MIDSUMMER NIGHTS DREAM must be one of the most performed plays of all time. It is also the most interpreted. I myself have tackled this play twice and was in a cut down version when I was 8. ( the subject of a radio piece broadcast I did on RTE in 2003 )
So many interpretations and experiments have been performed on this play and therefore anything I might say subsequently might have the riposte, ‘oh, I saw that done in xxxx’s production in 1993!’ But I am going to plough ahead anyway because it is the manner in which this was discovered that was interesting, as much as the discovery itself. In my extremely brave and adventurous Chekhov and Shakespeare class this week, we explored general atmosphere with the empty rectangle which you fill with a given atmosphere from your imagination. We are working with Midsummer Night’s Dream
Chekhov and General Atmosphere.
For those not in the know about atmosphere, Chekhov believed that atmosphere was a palpable thing, the oxygen of performance. All characters operated within this atmosphere, accommodating it in some way, or absorbing it. He also believed that atmosphere was something that existed whether an individual was there or not, that it was not something that we brought into a space, but something that was there and we walked into it. Much of this kind of idea has been supported by science. All you have to do is go into a church or a hospital or a library to feel the weight of this truth.
This was demonstrated to great effect last night when we moved from our working room into a smaller kitchen/ utility room to illustrate this point and sense the difference in atmosphere in each place . As we came back into our working room, I watched the faces of people as they came back into our room, amazed at the difference. To cap it all, as if on cue, a man on his way to another meeting arrived to try and cross the room ,and the feeling of him facing our resistance was palpable. It was as if he hit a wall of atmosphere. It was incredible yet an ordinary everyday occurence. One of those palpable invisible things made visible once you are aware of it.
As we worked on the Dream , we explored the world of Athens from words and pictures created by the actors. We filled the rectangular space with an atmosphere of COLDNESS and CONTROL . As the actors explored these thoroughly with their bodies and feelings, and began using pieces of text, I got one of the actors to take in a new atmosphere of her own, one of the colour RED and she was to say to each person, ‘I love Lysander!’ As she responded to each of the others in turn, she came upon someone who she felt put up more resistance , [ an older man who could have been Theseus] and became joyous loud and defiant . It felt like she was real threat to the atmosphere and everyone responded. It was most exciting, and filled the room with something fundamental about the play. This is what is so wonderful about the Chekhov work, that it brings from the abstract something tangible, actable and real.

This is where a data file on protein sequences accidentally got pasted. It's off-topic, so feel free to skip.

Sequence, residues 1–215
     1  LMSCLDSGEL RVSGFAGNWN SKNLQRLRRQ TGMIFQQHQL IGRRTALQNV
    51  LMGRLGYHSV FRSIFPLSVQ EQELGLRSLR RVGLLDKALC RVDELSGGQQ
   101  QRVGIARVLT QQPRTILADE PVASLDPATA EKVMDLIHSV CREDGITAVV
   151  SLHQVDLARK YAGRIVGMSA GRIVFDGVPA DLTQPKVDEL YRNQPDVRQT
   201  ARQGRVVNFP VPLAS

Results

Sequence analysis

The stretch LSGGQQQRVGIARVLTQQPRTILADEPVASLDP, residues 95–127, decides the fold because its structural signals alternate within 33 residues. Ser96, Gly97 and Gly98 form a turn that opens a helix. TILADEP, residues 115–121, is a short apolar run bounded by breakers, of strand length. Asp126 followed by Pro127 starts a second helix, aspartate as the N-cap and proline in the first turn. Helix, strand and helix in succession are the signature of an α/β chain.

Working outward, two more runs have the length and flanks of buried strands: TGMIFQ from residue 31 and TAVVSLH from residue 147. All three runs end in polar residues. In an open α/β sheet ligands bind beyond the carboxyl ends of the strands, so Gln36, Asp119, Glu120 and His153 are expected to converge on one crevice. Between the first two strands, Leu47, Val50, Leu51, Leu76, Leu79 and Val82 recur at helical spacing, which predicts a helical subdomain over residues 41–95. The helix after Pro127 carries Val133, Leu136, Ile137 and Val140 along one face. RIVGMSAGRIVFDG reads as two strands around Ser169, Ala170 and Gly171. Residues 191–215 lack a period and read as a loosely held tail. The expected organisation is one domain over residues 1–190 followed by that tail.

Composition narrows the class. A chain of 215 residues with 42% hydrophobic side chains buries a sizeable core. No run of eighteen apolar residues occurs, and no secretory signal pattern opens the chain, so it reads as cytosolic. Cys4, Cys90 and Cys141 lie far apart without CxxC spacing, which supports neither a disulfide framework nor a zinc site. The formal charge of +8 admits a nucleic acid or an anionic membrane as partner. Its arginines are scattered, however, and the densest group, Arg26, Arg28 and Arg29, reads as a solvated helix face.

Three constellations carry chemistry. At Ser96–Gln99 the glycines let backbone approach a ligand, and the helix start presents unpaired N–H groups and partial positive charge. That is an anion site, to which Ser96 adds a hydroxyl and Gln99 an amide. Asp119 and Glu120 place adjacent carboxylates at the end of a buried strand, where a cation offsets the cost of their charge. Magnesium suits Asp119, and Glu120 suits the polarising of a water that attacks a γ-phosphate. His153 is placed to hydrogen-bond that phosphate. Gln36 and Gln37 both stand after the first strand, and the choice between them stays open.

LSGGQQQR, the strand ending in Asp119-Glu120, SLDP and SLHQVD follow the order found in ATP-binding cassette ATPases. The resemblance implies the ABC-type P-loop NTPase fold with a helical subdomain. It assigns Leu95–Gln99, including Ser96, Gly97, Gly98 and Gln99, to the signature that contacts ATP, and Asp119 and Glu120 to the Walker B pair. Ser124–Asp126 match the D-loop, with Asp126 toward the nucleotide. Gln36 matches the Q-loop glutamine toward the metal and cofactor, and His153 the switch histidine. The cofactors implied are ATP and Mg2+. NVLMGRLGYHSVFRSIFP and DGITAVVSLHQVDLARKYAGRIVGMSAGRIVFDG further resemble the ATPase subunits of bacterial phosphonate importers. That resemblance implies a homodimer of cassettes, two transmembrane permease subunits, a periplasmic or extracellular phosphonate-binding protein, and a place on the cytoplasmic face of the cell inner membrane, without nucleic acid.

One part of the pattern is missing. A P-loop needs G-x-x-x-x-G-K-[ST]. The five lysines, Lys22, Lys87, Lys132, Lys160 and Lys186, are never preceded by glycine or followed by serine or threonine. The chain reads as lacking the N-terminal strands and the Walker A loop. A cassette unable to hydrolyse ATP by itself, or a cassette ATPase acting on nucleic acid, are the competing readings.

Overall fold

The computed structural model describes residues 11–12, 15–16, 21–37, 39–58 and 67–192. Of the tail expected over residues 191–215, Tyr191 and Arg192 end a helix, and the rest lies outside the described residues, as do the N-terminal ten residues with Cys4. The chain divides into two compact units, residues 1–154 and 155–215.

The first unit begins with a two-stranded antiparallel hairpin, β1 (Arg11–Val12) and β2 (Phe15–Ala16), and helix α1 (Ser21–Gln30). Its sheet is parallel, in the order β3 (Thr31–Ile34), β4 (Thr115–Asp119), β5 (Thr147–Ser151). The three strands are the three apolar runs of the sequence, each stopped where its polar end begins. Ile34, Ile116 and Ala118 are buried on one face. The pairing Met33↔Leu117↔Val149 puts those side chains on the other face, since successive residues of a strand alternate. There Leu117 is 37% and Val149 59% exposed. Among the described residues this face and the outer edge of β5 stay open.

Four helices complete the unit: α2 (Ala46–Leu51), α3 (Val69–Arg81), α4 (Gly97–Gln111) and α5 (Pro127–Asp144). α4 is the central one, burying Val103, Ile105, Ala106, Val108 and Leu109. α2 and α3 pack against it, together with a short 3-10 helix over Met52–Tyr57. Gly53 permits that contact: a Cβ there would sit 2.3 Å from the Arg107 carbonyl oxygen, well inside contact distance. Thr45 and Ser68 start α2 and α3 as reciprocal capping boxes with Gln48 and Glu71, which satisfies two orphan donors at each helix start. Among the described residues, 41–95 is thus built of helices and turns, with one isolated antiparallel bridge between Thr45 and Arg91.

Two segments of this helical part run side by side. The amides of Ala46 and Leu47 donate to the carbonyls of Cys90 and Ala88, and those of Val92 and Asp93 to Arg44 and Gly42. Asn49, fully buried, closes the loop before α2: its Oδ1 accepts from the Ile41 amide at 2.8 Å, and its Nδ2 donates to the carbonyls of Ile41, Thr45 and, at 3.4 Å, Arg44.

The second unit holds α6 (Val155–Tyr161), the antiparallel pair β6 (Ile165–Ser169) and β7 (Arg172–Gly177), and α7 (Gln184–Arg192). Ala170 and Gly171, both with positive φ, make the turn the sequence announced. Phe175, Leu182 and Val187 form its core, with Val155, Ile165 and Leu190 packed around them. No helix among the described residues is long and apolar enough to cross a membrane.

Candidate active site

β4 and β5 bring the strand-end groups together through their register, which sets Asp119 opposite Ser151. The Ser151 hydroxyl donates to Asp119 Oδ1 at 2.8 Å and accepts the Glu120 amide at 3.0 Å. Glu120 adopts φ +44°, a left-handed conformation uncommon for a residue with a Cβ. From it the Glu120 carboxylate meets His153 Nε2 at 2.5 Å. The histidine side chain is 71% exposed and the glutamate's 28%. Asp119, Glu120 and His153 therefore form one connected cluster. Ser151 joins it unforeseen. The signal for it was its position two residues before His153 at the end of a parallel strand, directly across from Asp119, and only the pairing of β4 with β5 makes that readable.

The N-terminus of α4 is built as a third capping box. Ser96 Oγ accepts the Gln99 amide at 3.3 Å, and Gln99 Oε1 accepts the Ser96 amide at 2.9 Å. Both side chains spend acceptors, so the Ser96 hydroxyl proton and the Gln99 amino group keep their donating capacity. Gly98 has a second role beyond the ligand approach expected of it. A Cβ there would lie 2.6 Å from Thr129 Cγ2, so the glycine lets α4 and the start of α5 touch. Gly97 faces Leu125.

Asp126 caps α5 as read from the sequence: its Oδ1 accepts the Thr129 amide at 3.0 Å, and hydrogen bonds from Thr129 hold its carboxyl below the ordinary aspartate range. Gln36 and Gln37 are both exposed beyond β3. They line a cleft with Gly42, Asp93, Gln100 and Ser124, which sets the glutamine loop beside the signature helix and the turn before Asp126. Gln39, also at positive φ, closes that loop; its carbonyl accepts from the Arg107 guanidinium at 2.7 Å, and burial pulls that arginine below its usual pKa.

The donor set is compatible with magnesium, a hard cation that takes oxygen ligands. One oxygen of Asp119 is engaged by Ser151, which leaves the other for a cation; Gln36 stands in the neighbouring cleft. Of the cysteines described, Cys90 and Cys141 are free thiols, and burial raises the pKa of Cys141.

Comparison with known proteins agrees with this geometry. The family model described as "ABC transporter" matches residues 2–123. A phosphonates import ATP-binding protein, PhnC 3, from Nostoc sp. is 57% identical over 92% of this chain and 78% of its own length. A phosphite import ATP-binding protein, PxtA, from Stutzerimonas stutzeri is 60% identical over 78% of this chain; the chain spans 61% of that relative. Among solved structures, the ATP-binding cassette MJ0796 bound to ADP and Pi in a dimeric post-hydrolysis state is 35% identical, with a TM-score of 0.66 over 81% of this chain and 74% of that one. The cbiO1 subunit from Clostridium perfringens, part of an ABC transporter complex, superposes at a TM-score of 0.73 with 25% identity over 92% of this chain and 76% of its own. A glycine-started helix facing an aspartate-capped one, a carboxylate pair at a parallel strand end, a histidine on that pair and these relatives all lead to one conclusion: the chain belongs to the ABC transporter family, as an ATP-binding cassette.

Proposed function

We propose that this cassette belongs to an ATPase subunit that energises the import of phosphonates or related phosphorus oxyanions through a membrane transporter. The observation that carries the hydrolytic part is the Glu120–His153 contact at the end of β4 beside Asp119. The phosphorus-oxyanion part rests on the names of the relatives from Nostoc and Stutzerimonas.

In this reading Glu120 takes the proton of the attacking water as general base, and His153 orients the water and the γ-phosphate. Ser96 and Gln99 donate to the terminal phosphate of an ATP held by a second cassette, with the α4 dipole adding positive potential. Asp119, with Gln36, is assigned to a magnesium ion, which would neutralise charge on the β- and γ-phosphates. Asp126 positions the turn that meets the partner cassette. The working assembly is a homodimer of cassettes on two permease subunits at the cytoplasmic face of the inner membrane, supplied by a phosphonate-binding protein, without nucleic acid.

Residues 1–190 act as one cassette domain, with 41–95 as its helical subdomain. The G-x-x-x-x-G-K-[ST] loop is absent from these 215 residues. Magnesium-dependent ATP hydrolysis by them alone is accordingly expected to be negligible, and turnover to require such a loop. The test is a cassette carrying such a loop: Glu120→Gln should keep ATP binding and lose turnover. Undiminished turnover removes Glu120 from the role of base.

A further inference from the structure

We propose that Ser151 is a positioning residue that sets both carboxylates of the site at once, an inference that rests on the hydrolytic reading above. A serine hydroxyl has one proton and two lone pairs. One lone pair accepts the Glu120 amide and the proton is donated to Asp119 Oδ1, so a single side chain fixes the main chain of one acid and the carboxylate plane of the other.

The role of Theseus.
It made me realise something about Theseus , something I had struggled with before. Theseus is a difficult part because he does not really have enough stage time to take an emotional journey and yet he is important enough to make one. He and Hippolyta are the first characters we see and so somehow they need to be key. In the first scene he is established as the ruler and lawgiver. He has just defeated an army of women and is about to marry their leader, so the two of them set up the theme of the challenge of heterosexual relationships which is then played out through nearly all the major characters one way or another. It has often been supposed and there have been many productions exploring this , that Oberon and Theseus are cross cast with Titania and Hippolyta, thereby giving the Theseus/Oberon character a running emotional/poetical journey through another character ( note how this appears to be the case with Cordelia and the Fool in Lear too.), but what if we are to consider Theseus alone?
It occurred to me through our atmosphere exercise, that the threat of Lysander and Hermia’s love to the very essence and atmosphere of what Athens represents is much more serious than it appears. The unruly sway of the emotions against order and control is what provokes the wrath of the state against them, to the extent where Hermia’s father calls for her execution and they have to run away into uncertainty and danger. Theseus as the ruler should be the one most threatened by Hermia’s defiance , but also moved by it, as he changes her prospective punishment from execution to banishment to a nunnery. When they emerge from the forest towards the end of the play and Egeus pleads for his punishment , Theseus has a change of heart, and all ends happily. But through this exercise I discovered that perhaps this change of heart is set in motion from the moment that Hermia defies him in Act one and she sets this change in motion to take him from a cold rational man to a warmer human being. In the production I did in 2008 , it was Hippolyta who caused his repentance by kneeling silently before him after Egeus had demanded the full punishment, a nice idea I had not seen before which gave some closure to her own defiance. The Theseus act 5 speech ‘ I never may believe these antique fables….’ where he challenges the story of the lovers in conversation with Hippolyta suddenly makes sense in this context, with this journey.
As I watched my class going off into the sunny evening discussing how energised they were feeling, and the words imagination and discovery were heard repeated again , I felt so empowered by their energy and the power of our work.
If that sounds ‘blissy’, I’m not apologising!